Oct 24 2021 Reflection
Sunday 24 October 2021
First Reading: Jer 31:7-9
The Lord has done great things for us; we are filled with joy.
Ps 126:1-2, 2-3, 4-5, 6
Second Reading: Heb 5:1-6
Gospel Reading: Mk 10:46-52
Today’s Note: Thirtieth Sunday in Ordinary Time
As Jesus was leaving Jericho with his disciples and a sizable crowd,
Bartimaeus, a blind man, the son of Timaeus,
sat by the roadside begging.
On hearing that it was Jesus of Nazareth,
he began to cry out and say,
“Jesus, son of David, have pity on me.”
And many rebuked him, telling him to be silent.
But he kept calling out all the more,
“Son of David, have pity on me.”
Jesus stopped and said, “Call him.”
So they called the blind man, saying to him,
“Take courage; get up, Jesus is calling you.”
He threw aside his cloak, sprang up, and came to Jesus.
Jesus said to him in reply, “What do you want me to do for you?”
The blind man replied to him, “Master, I want to see.”
Jesus told him, “Go your way; your faith has saved you.”
Immediately he received his sight
and followed him on the way.
Have you ever encountered a once in a life-time opportunity you knew you could not pass up? Such a moment came for a blind and destitute man, named Bartimaeus. He was determined to get near the one person who could meet his need. He knew who Jesus was and had heard of his fame for healing, but until now had no opportunity of making direct contact with the Son of David, a clear reference and title for the Messiah.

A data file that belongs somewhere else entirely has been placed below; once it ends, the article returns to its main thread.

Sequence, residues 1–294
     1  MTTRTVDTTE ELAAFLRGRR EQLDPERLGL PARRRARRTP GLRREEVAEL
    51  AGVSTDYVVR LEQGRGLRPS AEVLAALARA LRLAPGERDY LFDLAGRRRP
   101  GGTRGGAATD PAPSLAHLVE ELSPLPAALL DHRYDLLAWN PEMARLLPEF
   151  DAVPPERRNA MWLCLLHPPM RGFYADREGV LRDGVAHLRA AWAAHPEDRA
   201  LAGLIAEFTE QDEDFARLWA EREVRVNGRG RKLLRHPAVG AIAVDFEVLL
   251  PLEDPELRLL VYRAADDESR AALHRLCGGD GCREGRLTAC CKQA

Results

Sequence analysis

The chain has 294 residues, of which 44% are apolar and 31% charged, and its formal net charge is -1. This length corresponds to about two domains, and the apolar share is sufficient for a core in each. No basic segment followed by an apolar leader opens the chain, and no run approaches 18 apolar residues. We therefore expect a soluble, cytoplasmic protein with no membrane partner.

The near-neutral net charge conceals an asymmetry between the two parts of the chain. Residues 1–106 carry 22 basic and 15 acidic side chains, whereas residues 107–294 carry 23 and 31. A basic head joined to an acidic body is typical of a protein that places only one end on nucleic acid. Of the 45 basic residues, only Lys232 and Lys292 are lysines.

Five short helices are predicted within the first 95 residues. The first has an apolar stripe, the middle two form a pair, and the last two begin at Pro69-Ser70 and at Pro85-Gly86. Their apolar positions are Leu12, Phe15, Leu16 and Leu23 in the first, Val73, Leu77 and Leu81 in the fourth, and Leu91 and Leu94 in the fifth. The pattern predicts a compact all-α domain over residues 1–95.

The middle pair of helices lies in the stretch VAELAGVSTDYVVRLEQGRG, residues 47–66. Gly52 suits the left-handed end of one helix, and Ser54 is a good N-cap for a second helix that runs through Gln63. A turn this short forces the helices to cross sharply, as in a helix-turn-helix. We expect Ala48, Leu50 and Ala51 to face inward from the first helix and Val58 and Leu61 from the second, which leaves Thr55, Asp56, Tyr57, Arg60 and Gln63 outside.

Seeking Jesus with effort and persistence pays off
It took a lot of “guts” (courage) and persistence for Bartimaeus to get the attention of Jesus over the din of a noisy throng who crowded around Jesus as he made his way out of town. Why was the crowd annoyed with the blind man’s persistent shouts? He was disturbing their peace and interrupting Jesus’ discourse. It was common for a rabbi to teach as he walked with others. Jesus was on his way to celebrate the Passover in Jerusalem and a band of pilgrims followed him. When the crowd tried to silence the blind man he overpowered them with his emotional outburst and thus caught the attention of Jesus.
Goodness and mercy follows those who put their trust in God
This incident reveals something important about how God interacts with us. The blind man was determined to get Jesus’ attention and he was persistent in the face of opposition. Jesus could have ignored or rebuffed him because he was disturbing his conversation and his audience. Jesus showed that acting was more important than talking. This man was in desperate need and Jesus was ready to respond to his need, not only to empathize with his suffering, but to relieve it as well. A great speaker can command attention and respect, but a man or woman with a helping hand and a big heart is loved more.
What do you want Jesus to do for you?
Why did Jesus put a question to Bartimaeus – “What do you want me to do for you?” Jesus wanted to draw out of him a personal response of faith and trust in his power to heal and make whole. Jesus commends Bartimaeus for recognizing who he is with the eyes of faith and grants him physical sight as well. Do you recognize the Lord Jesus with “eyes of faith” as your merciful Lord and healer? Ask the Lord Jesus to strengthen your faith that you may draw near to him and receive his grace and mercy.
Lord Jesus, may I never fail to recognize my need for your grace and mercy. Strengthen my faith and trust in you that I may seek your presence daily and listen to your word with a readiness to follow you who are my All.